Helen (heleninwales) wrote,

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The qualifications wot I teach

I happened to mention on a writers' mailing list that I teach on courses leading to the ECDL or European Computer Driving Licence (a name I don't like at all, see below), and that led me to having to explain what it was. So, as all the staff at my college are poised like greyhounds waiting for the electric hare and our thoughts are focused on the new courses about to start next week, I thought I'd mention it here too.

The ECDL is not really very exciting. It's just a basic qualification in using computers. In the UK, it's no longer possible to run courses for people to study just for the fun of it; there has to be a qualification at the end, or no funding is forthcoming. Some of my students do want to use the qualification in work; our local council also send lots of their employees on our computer courses, even though they are not primarily working with computers. I had quite a few of the local librarians last year. On the other hand, many of my students are retired and just want to know how to use a computer to produce a newsletter for their local club or society, how to find information on the web and how to use e-mail to keep in touch with the family. However, they still have to negotiate the tests and with luck, will finish with a nice certificate, a credit card style card declaring that they hold the ECDL and the little passport-like booklet in which their progress through the course is recorded, all duly signed, stamped and endorsed that they've passed.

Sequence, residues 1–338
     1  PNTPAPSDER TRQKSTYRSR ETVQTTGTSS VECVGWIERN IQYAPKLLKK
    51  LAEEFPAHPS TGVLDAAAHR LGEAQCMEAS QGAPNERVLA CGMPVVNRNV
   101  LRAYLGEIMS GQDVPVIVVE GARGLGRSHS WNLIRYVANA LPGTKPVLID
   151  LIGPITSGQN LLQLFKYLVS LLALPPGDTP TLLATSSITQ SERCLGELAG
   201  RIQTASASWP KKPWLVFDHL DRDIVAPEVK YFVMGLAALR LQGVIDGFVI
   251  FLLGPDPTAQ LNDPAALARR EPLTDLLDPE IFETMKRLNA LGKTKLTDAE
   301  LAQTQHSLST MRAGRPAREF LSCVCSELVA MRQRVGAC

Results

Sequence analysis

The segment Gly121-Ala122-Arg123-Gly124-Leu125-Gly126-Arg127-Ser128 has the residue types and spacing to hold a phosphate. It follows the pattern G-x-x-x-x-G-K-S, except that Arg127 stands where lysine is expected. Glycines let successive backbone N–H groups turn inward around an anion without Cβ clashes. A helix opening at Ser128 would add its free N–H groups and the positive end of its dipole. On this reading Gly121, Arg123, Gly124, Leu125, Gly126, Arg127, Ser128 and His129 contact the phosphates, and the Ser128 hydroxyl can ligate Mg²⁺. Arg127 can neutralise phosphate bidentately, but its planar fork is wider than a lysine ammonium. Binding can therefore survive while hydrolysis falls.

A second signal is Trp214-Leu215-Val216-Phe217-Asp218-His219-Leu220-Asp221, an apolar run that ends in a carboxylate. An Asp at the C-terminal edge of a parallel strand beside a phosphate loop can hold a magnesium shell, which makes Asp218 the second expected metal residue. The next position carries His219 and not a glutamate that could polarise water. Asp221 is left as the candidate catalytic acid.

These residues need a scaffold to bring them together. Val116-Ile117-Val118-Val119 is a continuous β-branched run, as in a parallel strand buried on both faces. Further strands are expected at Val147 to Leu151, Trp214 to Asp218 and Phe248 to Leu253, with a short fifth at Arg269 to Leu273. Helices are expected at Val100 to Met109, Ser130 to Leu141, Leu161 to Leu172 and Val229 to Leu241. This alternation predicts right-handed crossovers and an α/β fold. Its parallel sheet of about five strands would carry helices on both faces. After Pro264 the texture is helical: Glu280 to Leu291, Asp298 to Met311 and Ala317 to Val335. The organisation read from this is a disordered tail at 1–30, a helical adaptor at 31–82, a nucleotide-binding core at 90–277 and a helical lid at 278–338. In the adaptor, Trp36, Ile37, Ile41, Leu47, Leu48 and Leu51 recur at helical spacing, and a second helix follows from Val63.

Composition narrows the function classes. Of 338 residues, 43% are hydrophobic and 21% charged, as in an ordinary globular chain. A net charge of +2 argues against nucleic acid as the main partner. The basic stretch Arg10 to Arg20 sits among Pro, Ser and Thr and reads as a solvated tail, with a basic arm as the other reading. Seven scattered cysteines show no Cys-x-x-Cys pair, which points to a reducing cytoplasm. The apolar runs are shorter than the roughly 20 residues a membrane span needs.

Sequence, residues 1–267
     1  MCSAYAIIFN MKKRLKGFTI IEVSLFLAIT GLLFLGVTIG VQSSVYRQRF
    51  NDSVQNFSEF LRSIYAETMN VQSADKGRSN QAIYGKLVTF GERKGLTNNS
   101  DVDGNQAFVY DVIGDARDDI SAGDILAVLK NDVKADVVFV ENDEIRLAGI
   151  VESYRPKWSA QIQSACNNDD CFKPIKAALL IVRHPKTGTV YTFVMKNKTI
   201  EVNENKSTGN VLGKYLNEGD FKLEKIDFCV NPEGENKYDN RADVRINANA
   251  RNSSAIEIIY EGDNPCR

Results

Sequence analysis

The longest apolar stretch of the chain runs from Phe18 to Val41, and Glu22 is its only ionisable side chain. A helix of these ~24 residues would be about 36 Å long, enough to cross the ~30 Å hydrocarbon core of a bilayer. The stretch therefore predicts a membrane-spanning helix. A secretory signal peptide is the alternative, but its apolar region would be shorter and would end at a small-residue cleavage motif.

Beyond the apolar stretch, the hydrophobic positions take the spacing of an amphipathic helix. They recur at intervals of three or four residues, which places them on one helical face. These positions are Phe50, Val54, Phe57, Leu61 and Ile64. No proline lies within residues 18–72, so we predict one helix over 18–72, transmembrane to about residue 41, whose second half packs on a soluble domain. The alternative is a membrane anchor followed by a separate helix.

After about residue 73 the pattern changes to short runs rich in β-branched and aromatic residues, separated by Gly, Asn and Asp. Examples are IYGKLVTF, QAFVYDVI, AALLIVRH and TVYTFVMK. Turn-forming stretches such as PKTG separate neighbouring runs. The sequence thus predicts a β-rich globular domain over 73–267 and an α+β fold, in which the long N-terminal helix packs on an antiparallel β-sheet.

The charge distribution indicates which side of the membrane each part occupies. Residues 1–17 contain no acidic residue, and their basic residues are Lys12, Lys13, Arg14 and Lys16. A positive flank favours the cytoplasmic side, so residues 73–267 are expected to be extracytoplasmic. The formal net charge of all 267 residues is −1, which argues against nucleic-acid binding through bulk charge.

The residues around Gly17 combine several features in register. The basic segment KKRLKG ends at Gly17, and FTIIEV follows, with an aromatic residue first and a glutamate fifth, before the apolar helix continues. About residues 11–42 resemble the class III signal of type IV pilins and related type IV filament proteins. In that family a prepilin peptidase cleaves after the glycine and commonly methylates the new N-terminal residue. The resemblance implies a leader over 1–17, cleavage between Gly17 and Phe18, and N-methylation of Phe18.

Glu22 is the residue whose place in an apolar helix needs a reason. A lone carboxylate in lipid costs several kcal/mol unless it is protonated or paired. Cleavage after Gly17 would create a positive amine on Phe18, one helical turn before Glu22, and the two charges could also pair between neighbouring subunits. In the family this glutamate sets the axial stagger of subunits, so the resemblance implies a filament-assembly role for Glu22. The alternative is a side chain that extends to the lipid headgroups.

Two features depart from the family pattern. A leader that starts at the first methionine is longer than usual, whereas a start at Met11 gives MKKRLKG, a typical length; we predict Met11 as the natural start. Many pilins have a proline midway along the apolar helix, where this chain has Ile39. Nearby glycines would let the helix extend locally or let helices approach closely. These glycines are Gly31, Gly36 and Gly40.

The qualification is also found in the US and other places outside Europe as the ICDL, which is International Computer Driving Licence.

The reason I don't like the name is that it gives the impression
that you're not going to be allowed to use a computer in work unless you have the qualification, which is simply not true.

A much more aptly named qualification is the CLAIT certificate, run by a much older awarding body, now called OCR though formerly RSA, well known for their shorthand and typing qualifications. CLAIT (or New CLAIT as it is now called after its recent re-vamp) simply stands for Computer Literacy And Information Technology. As IT qualifications go, it must be one of the first in the UK as it dates back to the mid-80s to my knowledge. Aimed at beginners, it gives a good grounding in a variety of software packages and -- unlike the ECDL -- the student (or more realistically the tutor) can choose from a number of different options. Although they're both officially Level 1 qualifications, we start our beginners on CLAIT and then have them progress to the ECDL.

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